The state of Florida, local water districts, the U.S. Army Corps of Engineers and environmental groups have worked for years on ambitious plans to rescue The Everglades.

Just as man sought to improve on nature, building levees to tame the Mississippi River, he also rearranged nature’s plumbing in central and southern Florida.

Historically, fresh water flowed south, beginning not far from Orlando, on a slow trek to the Gulf of Mexico, slower than the slowest Louisiana bayou.

As cities and farms sprouted, sticking more and more straws into what Floridians proudly call their “river of grass,” the system starved for fresh water.

“From that point on, things really deteriorated in Florida Bay,” Lorenz said.

However, Florida has a jumpstart on rescuing this wonderland and friends in powerful places.

Last week, President Obama proposed spending $195 million in the coming fiscal year for the Everglades through a series of projects aimed at restoring more of the nature water flow.

At the same time, the Obama budget would scrap plans to share half-a-billion a year in offshore oil royalties with Louisiana and other gulf coast states beginning in fiscal 2017.

Louisiana, home to much of the nation’s offshore oil and gas infrastructure, would tap into roughly one third of that money under the Gulf of Mexico Energy Security Act (GOMESA).

Instead, the president’s proposal would sprinkle the GOMESA funding onto conservation programs around the country.

“I mean, Chesapeake Bay and the Everglades don’t compare in terms of productivity,” said Jerome Zeringue, outgoing chairman of the Louisiana Coastal Protection and Restoration Authority.

Zeringue noted Louisiana voters changed the constitution to dedicate the GOMESA funds solely to coastal restoration projects and hurricane protection.

The state’s estimated $170 million annual take represents one-third to one-half of the anticipated funding for the state’s Coastal Master Plan, Zeringue said, and the largest continuing source of revenue.

“What’s even more insulting is the fact that it’s even proposed,” Zeringue said.

While many observers believe the Obama budget will meet an early death in the Republican-controlled House and Senate, the president may have opened up a discussion in cash-hungry Washington about the use of GOMESA funds.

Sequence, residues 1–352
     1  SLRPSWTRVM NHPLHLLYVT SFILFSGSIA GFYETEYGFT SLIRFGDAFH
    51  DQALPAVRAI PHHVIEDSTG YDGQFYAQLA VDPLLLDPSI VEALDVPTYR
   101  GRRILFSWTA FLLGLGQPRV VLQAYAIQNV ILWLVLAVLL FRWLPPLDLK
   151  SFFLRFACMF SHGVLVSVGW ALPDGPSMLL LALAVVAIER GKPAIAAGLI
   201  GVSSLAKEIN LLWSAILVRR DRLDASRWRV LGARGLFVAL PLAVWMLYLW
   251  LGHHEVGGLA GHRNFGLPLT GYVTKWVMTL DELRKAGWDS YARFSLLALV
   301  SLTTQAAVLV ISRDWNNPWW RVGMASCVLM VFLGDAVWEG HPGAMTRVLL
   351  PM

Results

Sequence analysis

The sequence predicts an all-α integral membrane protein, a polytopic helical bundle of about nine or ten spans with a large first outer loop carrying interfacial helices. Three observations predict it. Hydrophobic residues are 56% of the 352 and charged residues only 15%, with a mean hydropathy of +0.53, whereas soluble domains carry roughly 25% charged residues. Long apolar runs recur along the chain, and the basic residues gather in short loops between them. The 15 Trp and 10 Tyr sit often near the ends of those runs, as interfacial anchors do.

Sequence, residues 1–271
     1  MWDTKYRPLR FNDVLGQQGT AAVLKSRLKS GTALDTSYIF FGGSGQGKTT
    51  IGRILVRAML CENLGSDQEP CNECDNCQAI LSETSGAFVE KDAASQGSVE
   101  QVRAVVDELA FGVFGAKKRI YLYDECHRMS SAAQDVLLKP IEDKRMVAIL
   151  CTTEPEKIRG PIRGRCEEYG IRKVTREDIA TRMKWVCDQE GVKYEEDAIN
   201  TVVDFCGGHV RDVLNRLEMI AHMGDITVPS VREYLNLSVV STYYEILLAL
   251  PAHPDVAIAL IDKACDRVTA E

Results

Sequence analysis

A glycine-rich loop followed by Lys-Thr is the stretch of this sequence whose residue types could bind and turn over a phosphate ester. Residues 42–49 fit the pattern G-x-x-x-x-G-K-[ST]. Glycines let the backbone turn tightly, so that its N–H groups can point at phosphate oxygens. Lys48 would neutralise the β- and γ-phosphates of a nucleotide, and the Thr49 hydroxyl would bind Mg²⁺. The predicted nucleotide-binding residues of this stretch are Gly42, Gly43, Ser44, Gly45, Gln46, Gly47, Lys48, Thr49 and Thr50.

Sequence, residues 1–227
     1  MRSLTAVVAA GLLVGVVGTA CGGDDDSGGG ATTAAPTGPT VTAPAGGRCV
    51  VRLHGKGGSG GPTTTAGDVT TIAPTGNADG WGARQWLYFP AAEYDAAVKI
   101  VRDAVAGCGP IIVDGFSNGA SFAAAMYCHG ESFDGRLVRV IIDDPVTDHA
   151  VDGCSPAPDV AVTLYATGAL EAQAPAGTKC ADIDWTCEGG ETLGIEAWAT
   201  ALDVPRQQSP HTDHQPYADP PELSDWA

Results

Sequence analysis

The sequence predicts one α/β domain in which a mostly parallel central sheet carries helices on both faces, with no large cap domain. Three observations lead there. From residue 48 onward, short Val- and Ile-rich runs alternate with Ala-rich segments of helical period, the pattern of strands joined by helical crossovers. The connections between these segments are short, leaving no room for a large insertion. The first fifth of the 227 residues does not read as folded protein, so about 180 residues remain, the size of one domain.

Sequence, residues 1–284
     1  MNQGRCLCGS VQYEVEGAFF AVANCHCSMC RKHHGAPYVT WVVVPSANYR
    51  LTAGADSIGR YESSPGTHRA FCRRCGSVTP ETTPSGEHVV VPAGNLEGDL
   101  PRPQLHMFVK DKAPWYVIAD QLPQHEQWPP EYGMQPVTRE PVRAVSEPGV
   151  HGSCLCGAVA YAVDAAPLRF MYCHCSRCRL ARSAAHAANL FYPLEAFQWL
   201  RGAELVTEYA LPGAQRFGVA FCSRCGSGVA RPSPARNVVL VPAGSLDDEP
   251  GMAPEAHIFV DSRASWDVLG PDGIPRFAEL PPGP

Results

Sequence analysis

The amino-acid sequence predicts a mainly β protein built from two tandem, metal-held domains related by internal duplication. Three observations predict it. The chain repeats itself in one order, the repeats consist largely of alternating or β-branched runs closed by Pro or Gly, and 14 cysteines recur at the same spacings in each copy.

“When Louisiana loses guaranteed money, other states benefit with the chance to get that money,” said Tulane University Political Analyst Mike Sherman. “So, we’re going to see some strange coalitions probably on this one.’

Geologists estimate Louisiana is at risk of losing another 1,700 square miles of its coastline in coming decades. However, the issue may have more to do with another kind of map, an electoral one.

“Listen, most states in the country, we know how they’re going to vote for president in 2016,” Sherman said. “There’s just a few battleground states and then, there’s one super battleground. That’s Florida.”

Even without Barack Obama on the ballot 2016, Sherman said electoral politics still matter in Washington.

He believes the issue marks an early test for Louisiana GOP leaders, including Majority Whip Steve Scalise, the third-ranking republican in the House.

“Do they have the clout to stop President Obama from taking away this dedication?”

John Snell|Feb 09, 2015

Great Lakes & Inland Waters 

Can We Reverse-Engineer the Environment?

Across the top of the map, above the Arctic’s Mer Glaciale, there floats a banner inscribed with a legend that in translation reads “New Discovery of Many Nations in New France in the years 1673 and 1674.” This legend is a bit misleading. Although the terrestrial features seem to have been distorted by a fun-house mirror, the aquatic features are strikingly recognizable and strikingly out of scale, as if we were peering down through a magnifying glass poised over the Great Lakes. Read the semi-legible calligraphic names along the coasts and riverbanks, and you begin to perceive that this isn’t really a map of North America nor of New France. It’s a navigation chart and a relic of a time when waterways assumed out-of-scale proportions in our geographies.

The map was hand-drawn by the explorer Louis Joliet. On the return leg of their 1673 expedition to the Mississippi and back, Joliet and his traveling companion, Père Marquette, made a discovery, a long-sought trade route through the heart of the continent by which — Joliet later reported — “a bark” could sail “by very easy navigation” from “New France” to “Florida,” or as we would put it, from Canada to the Gulf Coast. It is this discovery, this route, that Joliet’s hand-drawn navigation chart illustrates.

Midwest Passage

Louis Joliet’s hand-drawn navigation chart of his 1673 expedition to the Mississippi.

Credit Chart from John Carter Brown Library at Brown University